throughout student programming. Bohlmann provides much-needed consistent station leadership
while overseeing fundraising efforts and technical operations, along with training
and scheduling of student broadcasters. He also collaborated with Bankston on a comprehensive
station renovation project which included replacing outdated equipment, upgrading
the computerized automation system, and updating the studio with new paint, branded
wall decals, and improved furniture.
At the beginning of the spring 2021 semester, Bankston sent that campuswide email
seeking student involvement in recently relaunched WESN. Spiers, a sociology major
with a double minor in women’s and gender studies and health, was intrigued. Though
she had never considered hosting a radio program before, Spiers — who works as a peer
mentor in the Office of Diversity and Inclusion (ODI) — thought it could serve as
a creative outlet for some of her primary interests.
“I like music. I love my work with ODI — diversity and inclusion are very important
to me. So, I could kind of combine it all into one,” Spiers said.
After expressing interest, Spiers visited the studio where Bohlmann explained the
technical aspects of hosting a show. Spiers recalls taking detailed notes on her phone.
“It was a lot, and I was kind of nervous,” Spiers admits. “You have to make sure your
mics are in program mode, and make sure your mics are on and know what to click.”
Generating content for the 90-minute, weekly program was less daunting for Spiers.
Before her first show, Spiers created a mission statement that she reads at the beginning
of each episode: “We strive to connect students in innovative ways to ODI and its
resources, provide students with a virtual space for expression and community, and
promote/inform decisions, different initiatives on campus and in the Bloomington-Normal
community through an inclusive lens.”
“I just really like connecting with students and centering students’ voices that aren’t
always at the center of attention on campus,” Spiers said.
Although she lacked specific radio experience, Spiers — similar to countless WESN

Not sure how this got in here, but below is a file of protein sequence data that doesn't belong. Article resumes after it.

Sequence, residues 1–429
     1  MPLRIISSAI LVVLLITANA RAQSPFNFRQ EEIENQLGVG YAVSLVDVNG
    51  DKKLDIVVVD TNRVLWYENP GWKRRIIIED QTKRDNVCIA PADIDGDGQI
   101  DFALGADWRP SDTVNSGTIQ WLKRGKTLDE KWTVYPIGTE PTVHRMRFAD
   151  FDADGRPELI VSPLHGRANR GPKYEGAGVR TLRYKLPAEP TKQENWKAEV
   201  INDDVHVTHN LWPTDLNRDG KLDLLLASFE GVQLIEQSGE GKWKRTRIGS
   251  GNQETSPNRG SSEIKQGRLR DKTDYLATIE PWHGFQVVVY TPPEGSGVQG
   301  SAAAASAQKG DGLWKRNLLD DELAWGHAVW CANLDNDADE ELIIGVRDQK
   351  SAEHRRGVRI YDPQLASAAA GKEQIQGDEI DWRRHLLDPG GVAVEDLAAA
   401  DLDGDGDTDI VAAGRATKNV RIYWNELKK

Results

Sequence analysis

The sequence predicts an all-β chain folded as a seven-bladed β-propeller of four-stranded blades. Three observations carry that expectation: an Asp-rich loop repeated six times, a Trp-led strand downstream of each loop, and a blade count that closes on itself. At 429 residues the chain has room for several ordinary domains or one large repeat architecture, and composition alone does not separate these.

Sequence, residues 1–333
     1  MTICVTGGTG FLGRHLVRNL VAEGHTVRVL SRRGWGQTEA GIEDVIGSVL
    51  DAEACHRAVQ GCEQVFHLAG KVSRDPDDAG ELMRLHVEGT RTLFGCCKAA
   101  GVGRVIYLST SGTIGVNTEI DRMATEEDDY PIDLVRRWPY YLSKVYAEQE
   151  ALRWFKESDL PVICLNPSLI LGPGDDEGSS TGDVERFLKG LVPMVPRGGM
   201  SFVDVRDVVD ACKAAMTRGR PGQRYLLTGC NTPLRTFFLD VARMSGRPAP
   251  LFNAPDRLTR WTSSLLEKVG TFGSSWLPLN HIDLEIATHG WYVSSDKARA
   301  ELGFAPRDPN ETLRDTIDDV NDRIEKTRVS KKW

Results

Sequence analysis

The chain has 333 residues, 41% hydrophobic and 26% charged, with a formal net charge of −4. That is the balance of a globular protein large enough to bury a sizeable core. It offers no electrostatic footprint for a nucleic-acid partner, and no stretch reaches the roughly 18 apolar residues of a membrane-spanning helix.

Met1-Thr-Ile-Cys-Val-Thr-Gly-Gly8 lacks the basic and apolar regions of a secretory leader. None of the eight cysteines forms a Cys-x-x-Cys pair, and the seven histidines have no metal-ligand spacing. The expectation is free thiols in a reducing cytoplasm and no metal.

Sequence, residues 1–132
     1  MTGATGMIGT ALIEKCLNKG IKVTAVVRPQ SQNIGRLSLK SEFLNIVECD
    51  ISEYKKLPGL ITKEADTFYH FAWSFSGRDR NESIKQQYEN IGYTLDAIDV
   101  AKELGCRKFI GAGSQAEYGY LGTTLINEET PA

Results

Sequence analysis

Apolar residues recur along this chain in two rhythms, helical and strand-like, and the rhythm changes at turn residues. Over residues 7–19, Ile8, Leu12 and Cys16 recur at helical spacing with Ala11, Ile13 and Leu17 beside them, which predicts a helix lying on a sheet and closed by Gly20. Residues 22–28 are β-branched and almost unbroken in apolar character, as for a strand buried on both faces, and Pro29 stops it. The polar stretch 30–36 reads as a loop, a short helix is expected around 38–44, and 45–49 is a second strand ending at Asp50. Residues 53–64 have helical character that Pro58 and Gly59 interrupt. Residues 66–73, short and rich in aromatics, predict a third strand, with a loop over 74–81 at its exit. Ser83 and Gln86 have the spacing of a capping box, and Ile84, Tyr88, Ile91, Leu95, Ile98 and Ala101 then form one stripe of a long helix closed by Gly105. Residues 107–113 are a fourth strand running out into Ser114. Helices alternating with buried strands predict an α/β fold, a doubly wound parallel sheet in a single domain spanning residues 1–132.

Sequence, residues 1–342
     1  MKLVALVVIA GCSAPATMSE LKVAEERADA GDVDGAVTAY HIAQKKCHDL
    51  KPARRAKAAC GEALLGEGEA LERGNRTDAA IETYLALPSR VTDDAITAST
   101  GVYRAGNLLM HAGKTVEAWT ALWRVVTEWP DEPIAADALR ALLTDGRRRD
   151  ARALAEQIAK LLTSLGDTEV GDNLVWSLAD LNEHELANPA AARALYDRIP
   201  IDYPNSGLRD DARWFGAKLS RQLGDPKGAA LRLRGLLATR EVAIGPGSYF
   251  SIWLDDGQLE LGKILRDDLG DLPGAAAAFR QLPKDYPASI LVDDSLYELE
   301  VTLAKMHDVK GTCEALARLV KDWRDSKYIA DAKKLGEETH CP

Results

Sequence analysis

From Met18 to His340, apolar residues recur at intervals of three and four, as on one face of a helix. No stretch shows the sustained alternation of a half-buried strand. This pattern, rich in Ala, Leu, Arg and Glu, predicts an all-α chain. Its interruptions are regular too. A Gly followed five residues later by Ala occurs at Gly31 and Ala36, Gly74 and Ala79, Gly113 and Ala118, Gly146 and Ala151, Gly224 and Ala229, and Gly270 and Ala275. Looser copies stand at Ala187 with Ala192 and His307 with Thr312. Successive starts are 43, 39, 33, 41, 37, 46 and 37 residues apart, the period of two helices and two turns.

alumni — quickly identified parallels between her liberal arts academic experience
and hosting an on-air program.
“In research methods, we had a unit on in-depth interviews,” Spiers said. “And so
it was fun seeing those connections between how to create a research-oriented interview
and what questions you ask, what probes you might want to use to follow up on questions,
especially in the interview instrument. That was a cool way of seeing those two worlds
(sociology and radio) collide.”
She continued, “It’s a huge conglomeration of all my interests, and I love one-on-one,
deep conversations, hence ‘Deep Dish’ as the name; that’s how things knit together.”
Like many of the other new WESN programs, Spiers’ Diversity Deep Dish has taken inspiration not from other radio shows, but from podcasts. “I love podcasts.
I love NPR’s Code Switch,” Spiers said.
Bankston, who jokingly refers to terrestrial radio as “the original podcast,” sees
increased interest among students who want to host on-air conversations, akin to podcasts,
focused on news, politics, social justice, entertainment and sports among other topics.
He also notes that along with centering student conversations, WESN still provides
a platform for music that isn’t played on commercial radio.
As word continues to spread about opportunities at WESN, Bankston is confident that
involvement in the revitalized station will grow from around 30 students to more than
“For any Illinois Wesleyan major, enhancing those communication skills through an
extracurricular like doing a radio show really ties together the liberal arts experience,”
Bankston said. “With a vibrant radio station, I think we’re going to continue to have
students who end up pursuing careers in broadcast communications after graduation
because of the exposure that they had through WESN.”
After wrapping up a semester of Diversity Deep Dish, Spiers isn’t quite ready to begin applying for jobs in professional radio. However,
she is looking forward to returning to the WESN airwaves this fall.
“I hope that the sphere of influence and awareness around the show gets larger,” said
Spiers. “Representation is really important to me. That has been a very rewarding
aspect of doing the show — knowing that students are feeling seen and feeling heard.”
Nearly 50 years since it first signed on, WESN is vastly different in many ways, yet
importantly similar through its ability to amplify the authentic voices of Illinois
Wesleyan students, via 88.1 FM.